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Worst reaction to asking for promotion/ career advancement(32 Posts)
Middle manager here
Last couple of performance reviews I've stopped asking about advancement opportunities because the last time I did
"I'm amazed that you asked, you're so far away from that next level."
What's the worst reaction you've ever had to asking for progression?!
Haha, I was working in a bank at the time. The branch manager told me with a smirk that there was no way I was being promoted, as the job I did wasn't worthy of a higher pay grade.
Luckily, I had already had another job offer, and I was holding my resignation letter behind my back. His face was a picture when I grinned and handed it to him saying oh well, if you aren't going to promote me, you can have my resignation instead. I turned my back on him and walked off. It was one of the best feelings I've ever had.
It dropped them right in the shit, as there was nobody else who could slot into my role and take over. They had to get somebody else transferred in from another branch who hugely cocked it up (Big time. I met another colleague on the train who told me about it). She lasted only a few weeks before they had to get somebody else in to sort out the shambles and do it properly, who was at the grade I had asked to be promoted to.
@yellowbrickwhorl that's a great story!
I too have the feeling that part of it is that they want me doing the specific job that I have now!
promotion Oh dear!
Could you turn it around at your next performance review? “You said that I was some distance from the next advancement level, can we plan out a route for how I can gain the necessary skills and experience to get there?”
Then that forces them to justify why they won’t promote you and can give you a bit of a tick list you can hold them to at each review!
I was refused a promotion and then asked to train the person they employed in the role. I handed my resignation in.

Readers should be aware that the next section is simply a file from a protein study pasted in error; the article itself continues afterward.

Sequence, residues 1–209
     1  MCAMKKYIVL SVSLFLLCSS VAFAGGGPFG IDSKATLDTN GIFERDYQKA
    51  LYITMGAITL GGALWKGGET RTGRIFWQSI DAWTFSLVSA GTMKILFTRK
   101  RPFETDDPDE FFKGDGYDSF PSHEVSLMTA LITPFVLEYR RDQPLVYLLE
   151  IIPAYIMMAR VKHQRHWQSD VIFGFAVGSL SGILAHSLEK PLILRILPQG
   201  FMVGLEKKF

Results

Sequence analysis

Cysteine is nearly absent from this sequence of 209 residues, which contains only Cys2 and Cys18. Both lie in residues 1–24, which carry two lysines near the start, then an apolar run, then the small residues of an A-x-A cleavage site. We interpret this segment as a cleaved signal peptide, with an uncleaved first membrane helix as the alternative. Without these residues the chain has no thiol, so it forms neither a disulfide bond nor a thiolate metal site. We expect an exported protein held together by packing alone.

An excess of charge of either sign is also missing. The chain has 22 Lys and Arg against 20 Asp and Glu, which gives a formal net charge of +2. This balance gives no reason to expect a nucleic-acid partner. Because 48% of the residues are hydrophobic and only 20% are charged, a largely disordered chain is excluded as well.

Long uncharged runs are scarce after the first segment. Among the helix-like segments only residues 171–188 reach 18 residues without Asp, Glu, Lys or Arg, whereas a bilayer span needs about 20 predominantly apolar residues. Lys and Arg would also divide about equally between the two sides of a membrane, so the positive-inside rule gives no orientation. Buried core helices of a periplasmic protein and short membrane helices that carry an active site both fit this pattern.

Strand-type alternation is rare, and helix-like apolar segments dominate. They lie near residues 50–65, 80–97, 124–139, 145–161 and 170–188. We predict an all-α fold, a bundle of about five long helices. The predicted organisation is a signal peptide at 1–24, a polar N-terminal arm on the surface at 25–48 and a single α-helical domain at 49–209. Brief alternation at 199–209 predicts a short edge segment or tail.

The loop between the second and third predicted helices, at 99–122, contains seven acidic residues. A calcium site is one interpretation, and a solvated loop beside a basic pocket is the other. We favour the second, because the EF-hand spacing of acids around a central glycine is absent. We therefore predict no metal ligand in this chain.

My manager now is supportive but the problem is that the person who reacted like that is now the divisional head
@2kids2cats1me how did they react?
They seemed surprised. I heard after that they had ‘boxed’ me in my role because I was very good at it. The person that I was supposed to train only lasted a month or so after I left.
Oh and I made a great career move to a job I loved with a great manager. OP I would cast your net and try another company. It will broaden your experience and the higher management where you are don’t sound like they will ever value you no matter what you do.
@2kids2cats1me yeh moving seems to be the only option! I think it's bad for my mental health to have my head chopped off the way this person does
Not my career but a summer job when I was 16/17. All male team apart from me and the head chefs daughter. Found out I was being paid less than everyone so asked head chef for same pay (we were all the same age/ability) and was told that my knife skills were improving but he'd have to check my blow job skills were up to parr before he'd consider a payrise. I was too nervous/young/stupid to say anything so I finished the summer and kept my head down. Mentioned it in my exit interview with HR and within a week he and his daughter were out on their arse- bullying, stealing, coming on to young staff all came to light... It was glorious to watch the head chef begging all over Facebook for a job for months to come ☺️
That is shocking ...
I don’t know, I’ve never had much luck with internal promotion compared to moving around. I think that even the best employers tend to get a certain view of you, then it is difficult to disrupt that...It is far easier to come in as a fresh new person in a promoted role.
2 for me.
Large consultancy firm (think most staff white, middle-aged, middle-class men). Promotion criteria very vague, so I asked for specific targets to be included. More huffing, puffing, delay of annual review etc. So I used the delay to go and get a new job - good company, better pay etc. It was the penny dropping for me that no matter what I did, no matter how good I was at my job, I was never going to get a promotion.
2nd was when I didnt get put forward for promotion and challenged it. I was told that as I hadn't expressed an interest in promotion, no-one had realised I would want it. I was made redundant the following year (along with many others) and used that opportunity to move on.